"I am really at my wit's end with this one. My 18 month-old has neverbeen a good sleeper. For the most part, he has been going to sleep by himself at night (for the last 3 or 4 months anyway) with about 10 minutes of crying. Sometimes longer, and if he's escalating and I don't feel like listening to him cry for an hour I'll have to go into his room and fall asleep with him on the mattress we have for that purpose.
Anyway, for the last week, I will go through our normal bedtime routine where, by the time I am singing him a song, he is drowsy and maybe dozing but not in a deep sleep, but when I put him in his crib, instead of just crying he will scream. And it will go on for about 10 minutes at which point he'll vomit. Then we change his bedding, his pajamas, brush his teeth again, and I will sing him another song. The second time around he'll go to sleep with barely 5 minutes of fussing.
At first I thought he either had a stomach ache, or we were feeding him too soon before going to bed (he usually has dinner between 5:30 and 6, and goes to bed anywhere between 7 and 8. Sometimes he gets a small snack right before bed). But last night I tried to be preemptive - after he had cried for 5 minutes, I went in, picked him up, and let him cuddle. He calmed down until I made to put him back in his crib, then he cried, stuck his finger in his mouth (it didn't look that far to me, but I suppose he could have triggered his gag reflex) and then a couple of seconds later vomited all over me.
Is he doing this on purpose? What do I do?"
Whoa. Sometimes I think I've heard almost everything, and then I get a question like this one.
If you'll remember back to the idea about tension increasers and tension releasers, the idea is that some kids gain tension by crying, so crying makes them get more wound up and unhappy. (These are the kids that need to be rocked or nursed or soothed to sleep.) You know you have one if leaving your kid to cry for even 20 seconds results in even more crying and having to work even longer to get your child to calm down. (My first son was the classic tension increaser. He sleeps just fine now.)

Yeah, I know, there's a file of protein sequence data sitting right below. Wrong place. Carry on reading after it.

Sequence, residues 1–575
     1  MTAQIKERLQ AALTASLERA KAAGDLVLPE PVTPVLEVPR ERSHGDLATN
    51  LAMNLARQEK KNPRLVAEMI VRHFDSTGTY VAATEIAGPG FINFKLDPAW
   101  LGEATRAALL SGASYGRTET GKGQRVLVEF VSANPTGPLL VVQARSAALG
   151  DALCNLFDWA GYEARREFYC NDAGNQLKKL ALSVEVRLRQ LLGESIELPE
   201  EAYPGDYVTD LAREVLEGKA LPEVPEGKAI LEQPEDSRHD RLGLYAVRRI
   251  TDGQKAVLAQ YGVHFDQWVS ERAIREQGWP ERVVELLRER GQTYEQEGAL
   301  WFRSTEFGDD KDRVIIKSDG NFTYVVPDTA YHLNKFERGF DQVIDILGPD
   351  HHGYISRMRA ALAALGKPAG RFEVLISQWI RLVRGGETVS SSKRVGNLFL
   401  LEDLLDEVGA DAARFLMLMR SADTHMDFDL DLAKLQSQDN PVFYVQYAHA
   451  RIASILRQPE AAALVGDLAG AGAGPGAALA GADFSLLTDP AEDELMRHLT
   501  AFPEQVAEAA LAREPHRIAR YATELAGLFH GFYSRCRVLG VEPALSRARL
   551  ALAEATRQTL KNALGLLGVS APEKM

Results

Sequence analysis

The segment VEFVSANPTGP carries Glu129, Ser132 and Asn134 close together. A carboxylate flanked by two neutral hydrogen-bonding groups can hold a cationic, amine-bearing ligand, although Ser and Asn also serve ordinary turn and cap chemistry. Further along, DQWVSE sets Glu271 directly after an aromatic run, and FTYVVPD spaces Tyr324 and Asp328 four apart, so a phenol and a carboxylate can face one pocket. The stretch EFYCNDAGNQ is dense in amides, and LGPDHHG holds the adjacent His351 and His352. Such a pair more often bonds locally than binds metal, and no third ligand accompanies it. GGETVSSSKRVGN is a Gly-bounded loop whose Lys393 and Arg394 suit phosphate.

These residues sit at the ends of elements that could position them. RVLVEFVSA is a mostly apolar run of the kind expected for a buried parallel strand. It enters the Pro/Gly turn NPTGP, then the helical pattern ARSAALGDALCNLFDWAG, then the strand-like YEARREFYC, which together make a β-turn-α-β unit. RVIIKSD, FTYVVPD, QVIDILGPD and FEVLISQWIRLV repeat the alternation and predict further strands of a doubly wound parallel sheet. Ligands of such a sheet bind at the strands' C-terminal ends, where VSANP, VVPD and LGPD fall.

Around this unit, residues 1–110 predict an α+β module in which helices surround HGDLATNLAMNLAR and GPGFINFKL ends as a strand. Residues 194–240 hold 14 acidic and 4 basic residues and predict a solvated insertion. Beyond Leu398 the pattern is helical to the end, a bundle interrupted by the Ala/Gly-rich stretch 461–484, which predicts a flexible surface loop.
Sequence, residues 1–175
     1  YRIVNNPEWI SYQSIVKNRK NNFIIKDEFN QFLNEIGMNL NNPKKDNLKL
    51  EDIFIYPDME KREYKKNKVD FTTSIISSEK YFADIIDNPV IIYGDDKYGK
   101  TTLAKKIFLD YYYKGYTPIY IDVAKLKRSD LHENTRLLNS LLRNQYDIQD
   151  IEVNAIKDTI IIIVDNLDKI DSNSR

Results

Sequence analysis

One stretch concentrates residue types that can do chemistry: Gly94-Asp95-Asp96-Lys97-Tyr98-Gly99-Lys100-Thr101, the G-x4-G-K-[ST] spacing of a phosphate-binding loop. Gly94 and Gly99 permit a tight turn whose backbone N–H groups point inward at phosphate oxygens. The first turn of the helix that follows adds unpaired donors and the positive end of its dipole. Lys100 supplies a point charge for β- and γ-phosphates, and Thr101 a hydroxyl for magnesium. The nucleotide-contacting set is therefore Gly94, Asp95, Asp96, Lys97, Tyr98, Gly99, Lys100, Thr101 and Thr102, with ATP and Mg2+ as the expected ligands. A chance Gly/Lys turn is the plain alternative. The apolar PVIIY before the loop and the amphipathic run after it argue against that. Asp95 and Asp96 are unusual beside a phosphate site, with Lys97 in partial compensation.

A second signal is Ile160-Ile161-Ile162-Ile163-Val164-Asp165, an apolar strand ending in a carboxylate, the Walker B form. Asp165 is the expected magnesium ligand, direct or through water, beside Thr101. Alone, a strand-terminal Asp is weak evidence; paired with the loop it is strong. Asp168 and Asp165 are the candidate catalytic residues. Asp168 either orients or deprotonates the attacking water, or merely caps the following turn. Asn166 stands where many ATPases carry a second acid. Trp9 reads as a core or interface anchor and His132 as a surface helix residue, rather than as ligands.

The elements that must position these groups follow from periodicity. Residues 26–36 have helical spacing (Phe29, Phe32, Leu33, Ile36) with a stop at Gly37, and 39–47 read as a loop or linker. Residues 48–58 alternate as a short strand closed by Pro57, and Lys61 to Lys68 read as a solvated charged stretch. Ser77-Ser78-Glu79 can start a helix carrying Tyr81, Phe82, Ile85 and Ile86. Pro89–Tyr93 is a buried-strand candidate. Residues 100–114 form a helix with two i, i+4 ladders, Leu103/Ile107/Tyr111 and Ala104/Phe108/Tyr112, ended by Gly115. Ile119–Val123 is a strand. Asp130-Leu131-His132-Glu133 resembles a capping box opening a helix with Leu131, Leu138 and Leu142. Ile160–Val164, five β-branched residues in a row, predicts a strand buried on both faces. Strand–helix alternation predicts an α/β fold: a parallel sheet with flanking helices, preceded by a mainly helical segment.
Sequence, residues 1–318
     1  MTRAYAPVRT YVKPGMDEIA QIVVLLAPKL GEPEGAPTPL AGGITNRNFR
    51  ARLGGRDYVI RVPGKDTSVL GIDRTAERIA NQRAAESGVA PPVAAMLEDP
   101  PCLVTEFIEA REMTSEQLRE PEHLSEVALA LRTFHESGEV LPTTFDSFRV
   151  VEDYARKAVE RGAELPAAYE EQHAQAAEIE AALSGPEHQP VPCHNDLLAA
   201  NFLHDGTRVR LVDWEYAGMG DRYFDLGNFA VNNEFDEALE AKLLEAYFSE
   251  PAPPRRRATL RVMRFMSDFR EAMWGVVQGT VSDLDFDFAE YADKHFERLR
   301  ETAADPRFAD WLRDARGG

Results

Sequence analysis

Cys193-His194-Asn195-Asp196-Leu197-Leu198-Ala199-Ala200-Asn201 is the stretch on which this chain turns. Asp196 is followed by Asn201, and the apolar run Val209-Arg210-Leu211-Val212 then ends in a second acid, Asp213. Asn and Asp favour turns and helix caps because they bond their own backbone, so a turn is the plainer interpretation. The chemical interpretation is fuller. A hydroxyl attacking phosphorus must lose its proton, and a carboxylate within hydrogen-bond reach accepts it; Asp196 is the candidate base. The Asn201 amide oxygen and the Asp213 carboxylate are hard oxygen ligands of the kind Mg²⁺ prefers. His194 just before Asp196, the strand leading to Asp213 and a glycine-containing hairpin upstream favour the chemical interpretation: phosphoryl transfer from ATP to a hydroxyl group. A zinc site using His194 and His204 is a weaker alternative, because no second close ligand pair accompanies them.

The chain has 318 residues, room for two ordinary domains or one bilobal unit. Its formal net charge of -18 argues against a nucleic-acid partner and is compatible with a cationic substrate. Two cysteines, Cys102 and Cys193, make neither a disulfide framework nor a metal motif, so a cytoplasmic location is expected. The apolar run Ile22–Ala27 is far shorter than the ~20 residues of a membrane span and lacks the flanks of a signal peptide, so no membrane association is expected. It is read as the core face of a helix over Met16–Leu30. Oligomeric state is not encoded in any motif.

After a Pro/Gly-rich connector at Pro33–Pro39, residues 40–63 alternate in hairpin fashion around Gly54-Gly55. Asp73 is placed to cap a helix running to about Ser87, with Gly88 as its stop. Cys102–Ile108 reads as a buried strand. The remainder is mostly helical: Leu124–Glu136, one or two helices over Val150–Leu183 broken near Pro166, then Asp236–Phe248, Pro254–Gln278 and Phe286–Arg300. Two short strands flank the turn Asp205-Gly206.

Tension releasers/decreasers, on the other hand, seem to need to cry to be able to fall asleep. It's as if they're creating a kind of white noise by crying that helps them shut down for the night. You know you have one if rocking or soothing to sleep seems to make them more upset and wound up, and if you leave them to cry for a few minutes and they start to wind down, and then drop off. (My second son was a classic tension releaser. He sleeps just fine now, too.)
But, here's the kicker: Kids can flex back and forth between the way they respond to crying during different stages and phases. (And I've had comments from readers that they have kids who are one way for nighttime and another way for naps!)
So it sounds to me like Jess' son is in a stage of being a tension releaser at night. (Are *any* of us shocked that he's switching sleep patterns right at 18 months?) He's creating the white noise he needs to shut down by crying.
All well and good. Except.
What's with the puking?? Is there some kind of release that he gets from the vomiting? Is it somehow resetting his system?
What payoff is he getting from the throwing up? It canNOT be comfortable to puke on yourself, and then have to get cleaned up. And there are easier ways to get more attention than making yourself throw up.
I'm baffled. Has anyone dealt with this? Anyone with experience with bulemia that can tell us if there's an endorphin rush accompanying vomiting? 'Cause it's just not making sense to me as a straight play for attention.
(I do, however, think that it's likely to go away on its own as part of the 18-month-sleep regression, so I don't think there are going to be long-term worries. It's just the right now that's INSANE.)